Friday, March 22, 2013

Worth Mentioning - Monsters by the Bucket

We watch several movies a week. Every Friday, we'll talk a little about some of the movies we watched that we felt were Worth Mentioning.

Cody's week was all about indie monsters and puppetry.


A horror/comedy set in 1985, the feature debut from writer/director Dustin Mills starts off with the House on Haunted Hill-esque set-up of four young people being offered the chance to win a million dollars, all they have to do to earn the cash is survive one night in the local "haunted house", the Wagner mansion. Everyone accepts the challenge and gathers at the mansion, but as the night goes on the group - which consists of meek good guy Charlie Hawkins, his best friend Gwen, who he has a crush on but has never had the guts to ask out, punk rocker Iggy (whose girlfriend Mona tags along), and horror movie aficionado Raimi Campbell - starts getting picked off one-by-one by something much worse than restless spirits.

The mansion's owner, the mysterious Wolfgang Wagner, is a scientist with a very dark history, and now he has successfully replicated an experiment he first worked on during World War II. He has created a monster. The result of mixing the genetics of vicious animals with the essence of demons and having been incubated in the body of a hapless hunter, this beast has an insatiable hunger, and the more it eats, the bigger it grows. And Wagner has set it loose in the mansion to feast on his houseguests.

Mills is clearly as big of a fan of the genre as his Raimi character is, and the movie is a very cool, entertaining and funny homage to old school horror. With the unique twist that the cast is made up of felt puppets.

This entire movie was made in Mills's living room for a few thousand dollars, the puppets filmed against a green screen that was replaced with CG sets and locations. It's an admirably innovative way to get a film career going, and if I were told to try to make something that looked like it I would be at a complete loss.

The scope of the movie builds over its 70 minutes, getting bigger as the monster grows, going from the creature stalking teens in a mansion to a climax that's an all-out war on a demonic kaiju.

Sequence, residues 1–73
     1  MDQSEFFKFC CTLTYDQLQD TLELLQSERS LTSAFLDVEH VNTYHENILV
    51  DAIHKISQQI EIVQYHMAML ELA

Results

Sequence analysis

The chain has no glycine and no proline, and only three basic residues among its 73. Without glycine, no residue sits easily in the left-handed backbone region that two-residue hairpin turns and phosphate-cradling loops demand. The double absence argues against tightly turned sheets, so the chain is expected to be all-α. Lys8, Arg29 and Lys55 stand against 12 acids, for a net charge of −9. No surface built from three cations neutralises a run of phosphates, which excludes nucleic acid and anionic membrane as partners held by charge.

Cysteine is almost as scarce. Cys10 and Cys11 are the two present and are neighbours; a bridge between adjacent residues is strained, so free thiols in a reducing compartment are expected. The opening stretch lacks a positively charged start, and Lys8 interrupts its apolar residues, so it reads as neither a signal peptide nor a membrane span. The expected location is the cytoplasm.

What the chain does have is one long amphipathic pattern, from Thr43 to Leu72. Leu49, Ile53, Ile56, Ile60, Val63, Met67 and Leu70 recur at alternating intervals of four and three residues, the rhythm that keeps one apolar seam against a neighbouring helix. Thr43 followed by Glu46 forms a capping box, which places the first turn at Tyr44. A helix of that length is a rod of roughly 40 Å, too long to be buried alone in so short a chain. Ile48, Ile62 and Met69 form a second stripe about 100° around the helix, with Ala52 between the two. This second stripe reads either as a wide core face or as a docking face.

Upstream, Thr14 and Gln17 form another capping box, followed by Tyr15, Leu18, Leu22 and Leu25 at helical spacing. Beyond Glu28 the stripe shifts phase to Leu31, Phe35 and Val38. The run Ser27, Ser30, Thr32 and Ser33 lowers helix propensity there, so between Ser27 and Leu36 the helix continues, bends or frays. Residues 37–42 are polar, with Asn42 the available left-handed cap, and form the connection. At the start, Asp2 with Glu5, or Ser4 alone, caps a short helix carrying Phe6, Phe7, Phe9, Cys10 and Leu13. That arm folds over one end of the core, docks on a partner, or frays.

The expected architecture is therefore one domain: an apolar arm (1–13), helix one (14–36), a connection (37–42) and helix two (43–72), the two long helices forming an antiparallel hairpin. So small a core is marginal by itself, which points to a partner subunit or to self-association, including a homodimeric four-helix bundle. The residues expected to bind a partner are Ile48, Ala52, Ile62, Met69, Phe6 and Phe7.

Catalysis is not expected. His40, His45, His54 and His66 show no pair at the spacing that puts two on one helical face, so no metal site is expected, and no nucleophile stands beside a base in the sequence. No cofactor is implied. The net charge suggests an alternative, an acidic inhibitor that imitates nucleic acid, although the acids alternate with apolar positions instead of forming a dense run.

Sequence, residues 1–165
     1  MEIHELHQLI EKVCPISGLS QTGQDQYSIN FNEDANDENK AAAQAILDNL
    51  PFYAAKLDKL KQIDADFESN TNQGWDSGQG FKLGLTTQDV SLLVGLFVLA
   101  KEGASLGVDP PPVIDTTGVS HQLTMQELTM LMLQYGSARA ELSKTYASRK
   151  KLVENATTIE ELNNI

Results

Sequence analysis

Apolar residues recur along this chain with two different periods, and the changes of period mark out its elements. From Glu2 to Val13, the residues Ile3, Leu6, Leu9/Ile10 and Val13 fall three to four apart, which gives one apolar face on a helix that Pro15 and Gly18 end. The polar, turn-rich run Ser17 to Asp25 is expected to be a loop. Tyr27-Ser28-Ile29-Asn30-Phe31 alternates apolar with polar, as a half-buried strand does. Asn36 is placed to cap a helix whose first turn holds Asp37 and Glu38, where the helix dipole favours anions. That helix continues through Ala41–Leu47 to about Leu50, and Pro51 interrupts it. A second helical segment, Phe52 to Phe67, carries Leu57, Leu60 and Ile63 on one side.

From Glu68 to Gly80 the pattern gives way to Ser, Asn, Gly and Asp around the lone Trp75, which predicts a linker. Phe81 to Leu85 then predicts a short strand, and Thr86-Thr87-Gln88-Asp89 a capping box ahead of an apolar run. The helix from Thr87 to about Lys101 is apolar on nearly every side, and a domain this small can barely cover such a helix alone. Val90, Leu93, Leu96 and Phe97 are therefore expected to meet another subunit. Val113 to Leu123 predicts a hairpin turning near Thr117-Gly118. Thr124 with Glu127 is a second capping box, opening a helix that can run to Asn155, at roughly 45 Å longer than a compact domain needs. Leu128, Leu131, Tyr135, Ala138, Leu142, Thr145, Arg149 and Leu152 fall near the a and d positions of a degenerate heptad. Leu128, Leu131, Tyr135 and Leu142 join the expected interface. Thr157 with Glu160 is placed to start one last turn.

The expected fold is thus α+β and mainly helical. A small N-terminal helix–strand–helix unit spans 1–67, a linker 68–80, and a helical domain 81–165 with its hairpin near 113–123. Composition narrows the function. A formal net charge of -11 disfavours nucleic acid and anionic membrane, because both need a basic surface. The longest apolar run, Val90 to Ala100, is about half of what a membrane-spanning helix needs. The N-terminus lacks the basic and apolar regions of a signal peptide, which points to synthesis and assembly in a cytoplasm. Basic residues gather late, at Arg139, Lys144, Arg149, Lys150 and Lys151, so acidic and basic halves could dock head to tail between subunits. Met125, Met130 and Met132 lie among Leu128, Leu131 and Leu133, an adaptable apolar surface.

Puppets fire machine guns and drive tanks, there's puppet breasts with pencil eraser nipples, there are references to movies like Night of the Living Dead, the Evil Dead trilogy, and Aliens throughout (as well as a Chasing Amy "Finger Cuffs" nod), there is, as Wagner says, "blood by ze gallon", there are farting bunnies and a badass penguin, a foul-mouthed grandpa, there's even an animated flashback to World War II. It's all pretty awesome.

Mills has been stunningly prolific in the couple years since The Puppet Monster Massacre was finished, having already completed and released three more movies (Zombie A-Hole, Night of the Tentacles, Bath Salt Zombies), with a few more in various stages of production. His next to reach DVD is the killer Easter Bunny movie Easter Casket, for which he is currently taking pre-orders by way of an Indiegogo campaign. As of right now, there are only 4 days left to get in on that. I've got my copy ordered.



Like the title promises, this movie deals with a prehistoric creature, which looks similar to a Great White when it's shown, being released from a block of ice by an earthquake. This creature is somehow able to move through the ground (and the snow on top of it) as well as a Graboid in a Tremors movie, and it sets out to wreak havoc on a small town in the dead of winter. It's "Jaws in the woods".

What makes Snow Shark especially notable is the fact that its distribution is one of the most impressive success stories I've seen in a while. Directed by Buffalo, New York-based independent filmmaker Sam Qualiana, it was shot with a Sony Handycam and produced for less than $7000, but thanks to distributor Independent Entertainment, a micro-budget branch of Alternate/Pop Cinema, it's available for rent in Family Video stores and in Redbox machines, it's for sale on the shelves of Walmarts and FYEs. Qualiana landed a dream deal with this one.

A lot of viewers who rent or buy Snow Shark will probably be resistant to or mocking of its production value, but the fact that it will be able to reach the eyes of so many viewers is kind of amazing.

The movie earns bonus points from me for the casting of Jackey Hall, an indie favorite of mine from her roles in Dorm of the Dead (2006) and Chainsaw Cheerleaders (2008).


Monsters are real, and in the land of California parents can buy their children monster companions from a talent agency for $149.95, a much more reasonable price than the 15 grand that imaginary friends go for.

The title characters of this YouTube web series are engaged couple Phil and Jenn, who have recently moved to Los Angeles when Henry, a monster of the under the bed variety who was Jenn's companion in the '80s, shows up at their apartment, down on his luck and hungry for bacon. To her fiance's apparent chagrin, Jenn lets her old pal move in with them. Thus, their life has become a sitcom, and it makes for a fun show with cute, family friendly humor.

Henry and his fellow monsters are played by puppets, which interact with a human cast that includes series creator Jenn Daugherty, who is collaborating with emerging writers/directors from the USC Film Graduate Program to bring her show to life. The first season just started at the beginning of February and is set to run for 13 episodes, interspersed with character vlogs and bonus videos called Monster Bites. Branching into other media, there's also a comic strip that gets posted on the show's Facebook page.

The series can be found on YouTube here: GuyGirlMonsterTV.

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